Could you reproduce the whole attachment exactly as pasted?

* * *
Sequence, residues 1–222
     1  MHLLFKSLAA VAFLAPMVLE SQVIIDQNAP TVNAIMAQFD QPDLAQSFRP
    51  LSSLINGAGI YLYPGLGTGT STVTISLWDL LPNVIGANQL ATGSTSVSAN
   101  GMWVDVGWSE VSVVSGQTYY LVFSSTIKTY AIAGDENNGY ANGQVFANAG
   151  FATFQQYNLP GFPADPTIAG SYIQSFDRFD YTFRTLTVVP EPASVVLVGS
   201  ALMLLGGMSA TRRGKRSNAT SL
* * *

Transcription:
Sequence, residues 1–222
     1  MHLLFKSLAA VAFLAPMVLE SQVIIDQNAP TVNAIMAQFD QPDLAQSFRP
    51  LSSLINGAGI YLYPGLGTGT STVTISLWDL LPNVIGANQL ATGSTSVSAN
   101  GMWVDVGWSE VSVVSGQTYY LVFSSTIKTY AIAGDENNGY ANGQVFANAG
   151  FATFQQYNLP GFPADPTIAG SYIQSFDRFD YTFRTLTVVP EPASVVLVGS
   201  ALMLLGGMSA TRRGKRSNAT SL